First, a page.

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Publisher:

Chapman & Hall/CRC

Publication Date:

2006

Number of Pages:

984

Format:

Hardcover

Edition:

3

Series:

Studies in Advanced Mathematics

Price:

89.95

ISBN:

1584884487

Category:

Textbook

[Reviewed by , on ]

Fernando Q. Gouvêa

01/26/2007

When it comes to the use of mathematical software as a pedagogical tool, I am something of an old fogey. I find *Mathematica* and *Maple* useful, and I encourage students to use them, but I am leery of allowing such tools to occupy a very large part of the classroom or the textbook, for two reasons. First, I worry that learning to use these programs will become one more hurdle, one more difficult thing in a subject that is already quite difficult. Second, I worry about the fascination that these programs seem to exert. Some mathematicians, and some students, seem to get so fascinated with the tools that the mathematics ends up relegated to a supporting role.

Alfred Gray's *Modern Differential Geometry of Curves and Surfaces* was one of the first textbooks to fully integrate *Mathematica* into an undergraduate course on differential geometry. Doing so is clearly a good idea. Geometry should be visual, and using software allows us to make it so. Furthermore, differential geometry deals with lots of important things that are easy to define and very hard to compute. Even computing the curvature and torsion of a curve in Euclidean space can be a pain. As a result, we are either reduced to having students work on carefully selected toy examples or we tell our students to learn to use symbolic manipulation software.

In his introduction to his second edition, Gray made the first point forcefully. He pointed out that differential geometry was out of fashion in the mid-twentieth century, and said, "I attribute the decline of differential geometry, especially in the United States, to the rise of tensor analysis. Instead of drawing pictures it became fashionable to raise and lower indices." Computers made it possible once again to draw pictures. Computer graphics has, in fact, created a whole new range of applications of differential geometry. And computers make it easy to do complicated computations. To use the most obvious example, the horrible formula for the Gaussian curvature in terms of the first fundamental form that comes out of Gauss's *Theorema Egregium* is much too complicated to use when computing by hand, but it doesn't bother *Mathematica* one bit.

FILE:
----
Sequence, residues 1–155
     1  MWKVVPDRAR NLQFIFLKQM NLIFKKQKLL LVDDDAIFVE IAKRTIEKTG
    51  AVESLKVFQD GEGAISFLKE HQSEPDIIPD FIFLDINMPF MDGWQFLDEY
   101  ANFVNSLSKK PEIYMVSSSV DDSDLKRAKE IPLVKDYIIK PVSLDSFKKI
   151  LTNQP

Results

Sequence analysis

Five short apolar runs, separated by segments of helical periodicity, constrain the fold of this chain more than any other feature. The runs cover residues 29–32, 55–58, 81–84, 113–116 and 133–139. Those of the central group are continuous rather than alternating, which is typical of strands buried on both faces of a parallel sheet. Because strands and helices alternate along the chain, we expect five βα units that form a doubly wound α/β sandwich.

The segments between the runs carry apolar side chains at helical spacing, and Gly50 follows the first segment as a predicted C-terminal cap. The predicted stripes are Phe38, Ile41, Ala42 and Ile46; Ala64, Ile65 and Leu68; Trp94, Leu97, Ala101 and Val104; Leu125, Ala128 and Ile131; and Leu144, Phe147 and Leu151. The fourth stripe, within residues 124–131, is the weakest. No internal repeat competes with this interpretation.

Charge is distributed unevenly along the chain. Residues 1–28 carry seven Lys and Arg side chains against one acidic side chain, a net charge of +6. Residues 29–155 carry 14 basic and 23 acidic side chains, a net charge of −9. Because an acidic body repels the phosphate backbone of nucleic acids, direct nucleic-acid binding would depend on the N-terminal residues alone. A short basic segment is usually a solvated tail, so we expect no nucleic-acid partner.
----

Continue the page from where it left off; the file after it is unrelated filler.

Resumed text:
All of this makes me ambivalent about this new (third) edition of Gray's book, revised after his death by Elsa Abbena and Simon Salamon. It is *huge*, bringing to mind those scary massive software manuals that used to come with *Mathematica*. Opening the book reveals that much of this size is due to the decision to *print* the *Mathematica* notebooks corresponding to each chapter as a appendices to their chapters. This instantly doubles the size of the book. It is a puzzling decision. First of all, the notebooks are all available online. Second, there is very little benefit to reading a *Mathematica* notebook without being able to execute the code. Yes, it's nice to see the code written out, but one could see that in the electronic form too.

Seeing the size of the book and the presence of all the code, my initial reaction was to conclude that my fear had come true: the software had eaten up the mathematics. There is certainly some truth to this. In fact, someone wanting to teach a course on *Mathematica* and graphics could use parts of this book as a text. (Gray even says so!) But there is more to the book than that.

If one ignores those many pages of *Mathematica* notebooks, what is left is very good. The treatment of differential geometry is quite classical, but it is also intelligently and charmingly presented, with many more pictures than usual. For example, I had never before seen a simultaneous plot of a plane curve and its curvature function, or a plot of the Gaussian curvature of a surface. There are pictures of tangent developables, generalized cones, parallel surfaces, and other constructions that usually only show up in problem sets. There are *lots* of pictures of minimal surfaces.